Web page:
So what kind of scripts get written in spaces that decenter the playwright? In my conversations for this article, the feeling emerged strongly that playwriting that is unburdened of final authorship can be freer, less prescriptive, and designed to inspire creativity in a director and production team, rather than being tasked with providing, effectively, a book of instructions for making the play. In the opinion of Rosnizeck, of D.C.’s ExPats, “European plays are a lot more bold, a lot more using the medium.” Philip Boehm of Upstream elaborated: “What gets produced here is pretty much standard American realism. Of course, in European theatres, styles and forms are all over the place. So many of the plays we have introduced to the St. Louis audience have also brought a variety of genres.” Said PlayCo’s Loewald, “Part of what we want to do is present different ways of writing and making theatre—saying, This is theatre, and this is theatre, and this is theatre—so it’s not all, you know, well-made plays.”

Make no mistake, U.S. productions of these kinds of scripts may be a better fit on the second stage of a big institution than the big one, or in that community’s “alt” theatre company. But they can be an exciting fit there indeed.

Others noted that producing this work doesn’t only expand artistic perspectives but philosophical ones as well. Chopin’s Zygmunt and Lela spoke, characteristically, as a tag team. “If you invite people from a certain country, they present different aesthetics, different fields of interest, different kinds of sexuality, different artistic visions,” Ziggy began. “And then,” Lela chimed in, “you begin to have some context by which you can measure your own life, when you can see the tapestry of what’s out there.”

Boehm notes that works from other countries “perhaps give audiences, not only a window into another culture, but also some chance to reflect on their place in a larger world.”

Similarly, Lindsay Smiling, co-artistic director at the Wilma, noted of their global collaborations, “You start to see how these different approaches are pointing to the same thing. Where are we going with the human experience, and how do these different approaches get to it?” Added Acerra, of the IVP, “People who are curious about a culture may find a way into a conversation about it through theatre, or learn something new—you know, fresh snow. It’s a great image I have: walking with people on fresh snow, a place they’ve never been before. It’s really exciting.”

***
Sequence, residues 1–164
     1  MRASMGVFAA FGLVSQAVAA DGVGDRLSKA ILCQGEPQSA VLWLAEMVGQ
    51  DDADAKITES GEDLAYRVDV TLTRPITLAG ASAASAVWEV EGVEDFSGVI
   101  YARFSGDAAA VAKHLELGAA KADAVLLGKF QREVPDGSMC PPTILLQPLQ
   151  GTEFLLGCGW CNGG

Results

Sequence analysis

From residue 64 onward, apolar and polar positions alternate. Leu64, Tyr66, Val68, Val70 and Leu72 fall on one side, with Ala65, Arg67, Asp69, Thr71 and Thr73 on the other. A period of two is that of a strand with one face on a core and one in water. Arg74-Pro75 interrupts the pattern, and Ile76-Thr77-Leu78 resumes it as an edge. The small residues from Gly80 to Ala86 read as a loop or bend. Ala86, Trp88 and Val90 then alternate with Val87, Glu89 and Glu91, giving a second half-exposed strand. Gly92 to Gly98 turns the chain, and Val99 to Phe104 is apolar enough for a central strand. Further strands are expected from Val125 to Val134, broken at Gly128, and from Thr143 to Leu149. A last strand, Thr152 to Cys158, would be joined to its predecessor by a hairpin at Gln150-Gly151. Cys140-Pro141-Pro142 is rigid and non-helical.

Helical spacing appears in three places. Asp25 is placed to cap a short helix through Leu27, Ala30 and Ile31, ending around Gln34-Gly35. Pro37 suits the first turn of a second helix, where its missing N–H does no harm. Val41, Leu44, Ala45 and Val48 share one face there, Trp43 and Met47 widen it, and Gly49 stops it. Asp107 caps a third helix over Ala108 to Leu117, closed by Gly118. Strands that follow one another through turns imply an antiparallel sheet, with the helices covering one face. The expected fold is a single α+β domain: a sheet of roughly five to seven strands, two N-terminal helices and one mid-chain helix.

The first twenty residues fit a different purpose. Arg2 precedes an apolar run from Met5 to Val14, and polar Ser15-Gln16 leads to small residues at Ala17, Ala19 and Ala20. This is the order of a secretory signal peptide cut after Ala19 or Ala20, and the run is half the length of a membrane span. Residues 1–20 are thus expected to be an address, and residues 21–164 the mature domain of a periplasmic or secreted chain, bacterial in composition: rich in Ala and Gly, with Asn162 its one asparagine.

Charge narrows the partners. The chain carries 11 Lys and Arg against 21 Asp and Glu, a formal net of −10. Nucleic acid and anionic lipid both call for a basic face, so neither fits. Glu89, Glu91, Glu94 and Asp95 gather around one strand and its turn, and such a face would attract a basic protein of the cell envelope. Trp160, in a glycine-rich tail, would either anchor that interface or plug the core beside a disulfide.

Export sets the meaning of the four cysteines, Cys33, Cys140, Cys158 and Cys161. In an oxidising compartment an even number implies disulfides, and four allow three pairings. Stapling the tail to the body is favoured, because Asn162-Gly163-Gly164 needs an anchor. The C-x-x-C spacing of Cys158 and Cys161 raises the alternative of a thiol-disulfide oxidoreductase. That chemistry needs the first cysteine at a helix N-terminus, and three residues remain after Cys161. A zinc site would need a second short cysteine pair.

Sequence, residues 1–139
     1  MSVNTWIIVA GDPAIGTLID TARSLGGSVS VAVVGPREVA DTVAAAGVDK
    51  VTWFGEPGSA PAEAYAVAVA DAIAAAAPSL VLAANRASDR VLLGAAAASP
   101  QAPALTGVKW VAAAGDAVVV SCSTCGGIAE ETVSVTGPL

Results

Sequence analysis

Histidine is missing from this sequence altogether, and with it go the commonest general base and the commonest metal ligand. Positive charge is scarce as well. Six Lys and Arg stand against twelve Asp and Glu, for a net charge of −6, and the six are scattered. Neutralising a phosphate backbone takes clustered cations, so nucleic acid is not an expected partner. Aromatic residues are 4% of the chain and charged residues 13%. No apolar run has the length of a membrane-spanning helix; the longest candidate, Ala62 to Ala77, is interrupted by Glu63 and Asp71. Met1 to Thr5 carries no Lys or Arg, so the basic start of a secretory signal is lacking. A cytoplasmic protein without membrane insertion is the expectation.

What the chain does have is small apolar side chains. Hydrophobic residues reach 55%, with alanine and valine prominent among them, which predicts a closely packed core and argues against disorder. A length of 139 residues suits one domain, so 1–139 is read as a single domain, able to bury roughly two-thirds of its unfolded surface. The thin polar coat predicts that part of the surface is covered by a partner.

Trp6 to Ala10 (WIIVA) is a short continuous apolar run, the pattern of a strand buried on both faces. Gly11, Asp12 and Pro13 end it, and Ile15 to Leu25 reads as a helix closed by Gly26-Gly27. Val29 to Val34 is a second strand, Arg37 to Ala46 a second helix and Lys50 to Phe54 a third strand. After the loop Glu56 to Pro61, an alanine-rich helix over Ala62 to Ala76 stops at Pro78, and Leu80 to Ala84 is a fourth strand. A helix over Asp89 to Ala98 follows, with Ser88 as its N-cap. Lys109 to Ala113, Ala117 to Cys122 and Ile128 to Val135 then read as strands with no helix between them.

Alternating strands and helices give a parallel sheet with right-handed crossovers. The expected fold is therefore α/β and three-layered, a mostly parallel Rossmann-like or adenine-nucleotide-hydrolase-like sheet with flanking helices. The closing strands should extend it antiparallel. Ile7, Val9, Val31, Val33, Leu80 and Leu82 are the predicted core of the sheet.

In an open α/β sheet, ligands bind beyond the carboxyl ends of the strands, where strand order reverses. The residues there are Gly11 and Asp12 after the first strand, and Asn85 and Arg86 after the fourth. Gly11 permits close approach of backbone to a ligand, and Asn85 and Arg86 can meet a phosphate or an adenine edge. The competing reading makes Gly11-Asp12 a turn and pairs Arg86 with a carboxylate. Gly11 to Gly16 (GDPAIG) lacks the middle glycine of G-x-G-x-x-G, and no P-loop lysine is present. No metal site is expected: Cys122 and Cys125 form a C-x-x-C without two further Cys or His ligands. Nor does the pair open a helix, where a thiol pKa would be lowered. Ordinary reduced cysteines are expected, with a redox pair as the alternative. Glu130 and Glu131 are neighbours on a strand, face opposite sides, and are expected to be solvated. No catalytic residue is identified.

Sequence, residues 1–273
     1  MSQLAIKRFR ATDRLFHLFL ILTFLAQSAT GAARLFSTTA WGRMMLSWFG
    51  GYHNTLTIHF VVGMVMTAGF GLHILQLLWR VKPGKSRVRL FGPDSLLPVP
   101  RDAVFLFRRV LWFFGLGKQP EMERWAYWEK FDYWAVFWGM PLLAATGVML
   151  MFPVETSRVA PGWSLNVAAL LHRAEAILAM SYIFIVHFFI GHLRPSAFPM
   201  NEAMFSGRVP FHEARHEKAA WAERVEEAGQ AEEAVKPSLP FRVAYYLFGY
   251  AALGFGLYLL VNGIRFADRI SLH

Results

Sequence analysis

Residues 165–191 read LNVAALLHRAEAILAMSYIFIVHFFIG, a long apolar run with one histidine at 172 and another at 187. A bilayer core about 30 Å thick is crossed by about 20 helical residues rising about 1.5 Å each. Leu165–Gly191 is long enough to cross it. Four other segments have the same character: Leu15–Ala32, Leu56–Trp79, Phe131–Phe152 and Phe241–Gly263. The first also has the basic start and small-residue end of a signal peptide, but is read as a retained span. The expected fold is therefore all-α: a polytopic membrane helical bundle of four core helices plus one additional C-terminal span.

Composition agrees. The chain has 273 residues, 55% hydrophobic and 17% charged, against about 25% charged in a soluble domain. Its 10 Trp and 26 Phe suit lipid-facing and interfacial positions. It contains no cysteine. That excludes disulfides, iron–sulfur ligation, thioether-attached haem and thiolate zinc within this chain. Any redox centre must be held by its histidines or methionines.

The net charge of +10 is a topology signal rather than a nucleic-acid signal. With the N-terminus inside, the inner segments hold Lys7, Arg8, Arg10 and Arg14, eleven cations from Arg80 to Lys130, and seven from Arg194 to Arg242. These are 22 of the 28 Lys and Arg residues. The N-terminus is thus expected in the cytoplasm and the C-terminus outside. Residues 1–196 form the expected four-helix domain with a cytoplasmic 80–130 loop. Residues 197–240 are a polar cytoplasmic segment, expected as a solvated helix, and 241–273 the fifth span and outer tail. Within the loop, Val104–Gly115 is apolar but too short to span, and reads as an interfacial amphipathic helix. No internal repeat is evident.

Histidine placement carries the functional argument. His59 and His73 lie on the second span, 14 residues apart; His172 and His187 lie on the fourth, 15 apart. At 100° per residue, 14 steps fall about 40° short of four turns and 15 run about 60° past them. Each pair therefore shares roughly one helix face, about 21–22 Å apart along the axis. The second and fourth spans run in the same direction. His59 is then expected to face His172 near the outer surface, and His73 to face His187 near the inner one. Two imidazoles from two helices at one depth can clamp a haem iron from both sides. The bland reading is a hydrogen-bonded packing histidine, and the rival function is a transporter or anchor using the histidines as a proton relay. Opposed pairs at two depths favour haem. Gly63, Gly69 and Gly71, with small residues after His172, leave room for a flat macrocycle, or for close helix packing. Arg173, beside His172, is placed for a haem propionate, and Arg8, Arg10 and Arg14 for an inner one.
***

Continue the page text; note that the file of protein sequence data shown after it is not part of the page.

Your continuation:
I found these creators to be often as passionate about their audiences as about the work. Said Duncombe of City Garage, “I think the people that we speak to are people that are looking for alternatives to mainstream entertainment. People who are concerned about ideas, about the state of the world, and who appreciate a different perspective.” Acerra swore that IVP’s readings have “the best audiences in Chicago. I know I’m a little biased, but it’s this wonderful combination of people interested in theatre and culture and politics and language. And so the conversation is rich, and you see people you never see in the theatre.”

As exciting as these audiences are to the leaders of these (mostly small) theatres, how big are these audiences? An artistic director of a large organization that relies significantly on box-office revenue could be forgiven for wondering. As rarefied as some of these international companies’ audiences may seem, many also reported an aspect of audience-building that took me by surprise. Unlike the Cherry’s small-town Ithaca scene, almost every company I spoke to was based in a city with sizable immigrant communities, and connecting international productions with these communities has been a big part of their box-office success. Upstream reported early hits with productions that spoke to St. Louis’s significant Bosnian and Polish communities.